75. anonymous
    • one year ago
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    this is definitely a hyperbola opening up/down

  76. anonymous
    • one year ago
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    |dw:1439051936537:dw|

  77. anonymous
    • one year ago
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    I agree

  78. anonymous
    • one year ago
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    \[\frac{ y^2 }{ 10^2 } - \frac{ x^2 }{ b^2 } = 1\]\[y=\pm \frac{ 5 }{ 6 }x\]

  79. anonymous
    • one year ago
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    So...how could I get it into standard form equation?

  80. anonymous
    • one year ago
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    and gradient is \[y=\frac{ b }{ a } x \]

  81. anonymous
    • one year ago
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    \[\frac{ b }{ a } = \frac{ 5 }{ 6 } = \frac{ b }{ 10 }\]

  82. anonymous
    • one year ago
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    Ok. So how can I solve for the b and a terms?

  83. anonymous
    • one year ago
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    multiply through\[\frac{ 5 }{ 6 } = \frac{ 50 }{ 60 } = \frac{ 6b }{ 60 }\]\[6b=50\]\[b=8.333333333333\]

  84. anonymous
    • one year ago
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    Ok that's what I thought.

  85. anonymous
    • one year ago
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    lemme recheck

  86. anonymous
    • one year ago
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    So would my answer be: y^2/64 - x^2/100 ? Because I just checked and b should equal 8...

  87. anonymous
    • one year ago
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    yup i made a mistake at the slope part b/a is for hyperbola opening left/right b/a is for opening up/down

  88. anonymous
    • one year ago
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    Ok so my final answer is y^2/64 - x^2/100 = 1?

  89. anonymous
    • one year ago
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    no lemme redo the last part

  90. anonymous
    • one year ago
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    cause isn't a^2 = 10 and b^2 = 8 ?

  91. anonymous
    • one year ago
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    i used the wrong formula for the asymtote lol

  92. anonymous
    • one year ago
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    lemme explain to ya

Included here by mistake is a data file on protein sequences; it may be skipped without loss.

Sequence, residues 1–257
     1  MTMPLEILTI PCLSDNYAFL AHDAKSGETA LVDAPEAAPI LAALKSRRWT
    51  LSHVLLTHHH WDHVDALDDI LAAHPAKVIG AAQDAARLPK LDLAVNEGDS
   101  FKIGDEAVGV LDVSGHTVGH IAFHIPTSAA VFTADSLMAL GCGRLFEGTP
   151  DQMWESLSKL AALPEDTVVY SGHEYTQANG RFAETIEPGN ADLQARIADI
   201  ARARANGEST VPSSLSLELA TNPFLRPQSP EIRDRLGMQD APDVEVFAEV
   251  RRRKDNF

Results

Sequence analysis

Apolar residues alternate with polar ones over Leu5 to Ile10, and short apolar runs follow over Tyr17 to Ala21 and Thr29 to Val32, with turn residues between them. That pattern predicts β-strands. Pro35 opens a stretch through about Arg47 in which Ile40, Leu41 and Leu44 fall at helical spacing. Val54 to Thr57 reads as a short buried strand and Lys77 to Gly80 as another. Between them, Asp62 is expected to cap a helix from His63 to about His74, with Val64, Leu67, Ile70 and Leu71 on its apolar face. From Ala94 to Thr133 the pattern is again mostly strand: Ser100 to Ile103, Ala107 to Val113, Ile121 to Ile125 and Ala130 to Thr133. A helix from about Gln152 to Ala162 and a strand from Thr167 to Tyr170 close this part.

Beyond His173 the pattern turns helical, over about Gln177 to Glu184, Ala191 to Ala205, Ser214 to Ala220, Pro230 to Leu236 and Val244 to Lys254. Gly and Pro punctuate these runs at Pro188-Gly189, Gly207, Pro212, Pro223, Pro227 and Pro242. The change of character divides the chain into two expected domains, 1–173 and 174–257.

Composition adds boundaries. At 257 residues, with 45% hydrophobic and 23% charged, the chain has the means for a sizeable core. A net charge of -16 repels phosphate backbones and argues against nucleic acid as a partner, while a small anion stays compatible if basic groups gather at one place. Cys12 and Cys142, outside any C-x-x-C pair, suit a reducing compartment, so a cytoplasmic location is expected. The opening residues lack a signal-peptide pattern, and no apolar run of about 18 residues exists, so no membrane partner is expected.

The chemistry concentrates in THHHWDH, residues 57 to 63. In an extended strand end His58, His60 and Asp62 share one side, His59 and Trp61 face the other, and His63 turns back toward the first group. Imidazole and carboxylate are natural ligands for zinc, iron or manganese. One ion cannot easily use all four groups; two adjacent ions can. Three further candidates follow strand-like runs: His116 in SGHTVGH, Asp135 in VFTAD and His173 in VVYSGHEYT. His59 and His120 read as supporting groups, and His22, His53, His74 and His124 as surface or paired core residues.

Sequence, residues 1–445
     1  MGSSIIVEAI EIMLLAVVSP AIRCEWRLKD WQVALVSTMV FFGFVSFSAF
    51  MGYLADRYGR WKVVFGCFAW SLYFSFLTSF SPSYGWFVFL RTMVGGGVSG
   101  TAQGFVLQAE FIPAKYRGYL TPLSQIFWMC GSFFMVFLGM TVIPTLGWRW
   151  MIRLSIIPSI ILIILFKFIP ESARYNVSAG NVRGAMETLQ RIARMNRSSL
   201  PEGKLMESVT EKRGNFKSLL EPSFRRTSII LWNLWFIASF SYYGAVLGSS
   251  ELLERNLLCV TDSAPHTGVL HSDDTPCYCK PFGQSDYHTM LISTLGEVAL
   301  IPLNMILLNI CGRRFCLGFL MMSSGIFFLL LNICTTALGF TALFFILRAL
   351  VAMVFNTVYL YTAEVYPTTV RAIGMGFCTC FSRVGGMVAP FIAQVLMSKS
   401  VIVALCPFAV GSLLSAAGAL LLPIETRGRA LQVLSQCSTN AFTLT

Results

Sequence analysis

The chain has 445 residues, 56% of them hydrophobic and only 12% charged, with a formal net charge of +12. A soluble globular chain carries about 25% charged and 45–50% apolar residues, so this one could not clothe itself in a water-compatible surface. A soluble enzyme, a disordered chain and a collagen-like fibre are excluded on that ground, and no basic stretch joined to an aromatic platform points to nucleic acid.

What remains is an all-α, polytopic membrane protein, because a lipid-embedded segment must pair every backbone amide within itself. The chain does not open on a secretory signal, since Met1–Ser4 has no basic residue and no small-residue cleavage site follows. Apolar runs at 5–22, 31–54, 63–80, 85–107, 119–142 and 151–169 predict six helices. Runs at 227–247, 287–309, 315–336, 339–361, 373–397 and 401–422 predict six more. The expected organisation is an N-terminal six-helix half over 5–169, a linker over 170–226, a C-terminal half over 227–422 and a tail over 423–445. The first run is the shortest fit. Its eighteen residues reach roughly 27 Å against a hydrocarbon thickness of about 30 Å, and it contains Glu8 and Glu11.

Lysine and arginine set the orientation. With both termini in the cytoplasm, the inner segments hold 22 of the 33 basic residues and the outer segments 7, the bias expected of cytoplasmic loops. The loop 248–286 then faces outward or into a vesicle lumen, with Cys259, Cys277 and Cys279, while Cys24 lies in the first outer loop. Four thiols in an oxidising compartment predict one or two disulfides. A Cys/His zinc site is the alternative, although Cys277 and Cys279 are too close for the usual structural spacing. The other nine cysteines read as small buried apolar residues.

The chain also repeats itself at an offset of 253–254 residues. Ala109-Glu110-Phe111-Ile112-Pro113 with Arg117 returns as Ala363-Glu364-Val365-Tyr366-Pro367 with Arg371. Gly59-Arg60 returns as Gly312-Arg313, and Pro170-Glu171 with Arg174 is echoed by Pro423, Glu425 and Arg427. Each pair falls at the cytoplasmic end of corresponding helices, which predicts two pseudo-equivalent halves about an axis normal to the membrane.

93. anonymous
    • one year ago
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    |dw:1439052898040:dw|

  94. anonymous
    • one year ago
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    |dw:1439052978322:dw|

  95. anonymous
    • one year ago
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    see the difference?

  96. anonymous
    • one year ago
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    Yes

  97. anonymous
    • one year ago
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    One is going up/down, the other left/right

  98. anonymous
    • one year ago
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    \[\frac{ a }{ b } = \frac{ 5 }{ 6 } = \frac{ 10 }{ b }\] so b is 12

  99. anonymous
    • one year ago
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    Oh ok. Well I was just looking on open study, to see what others did, and someone else listed the answer as: y^2/64 - x^2/100 = 1 But I understand also what you're saying.

  100. anonymous
    • one year ago
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    same question?

  101. anonymous
    • one year ago
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    yes

  102. anonymous
    • one year ago
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    he prolly flipped the gradient like i did

  103. anonymous
    • one year ago
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    Oh ok. So would the answer be: y^2/144 - x^2/100 = 1?

  104. anonymous
    • one year ago
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    \[\frac{ y^2 }{ 10^2 }-\frac{ x^2 }{ 12^2 } = 1\]

  105. anonymous
    • one year ago
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    Oh ok! So simplified: y^2/100 - x^2/144 = 1

  106. anonymous
    • one year ago
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    Correct? @saseal

  107. anonymous
    • one year ago
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    yea

  108. anonymous
    • one year ago
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    Ok thanks!

  109. anonymous
    • one year ago
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    @saseal could you help me again? so sorry!!!

  110. anonymous
    • one year ago
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    ok

  111. anonymous
    • one year ago
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    maybe just open a new one lol this one is getting really long

  112. anonymous
    • one year ago
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    Ok lol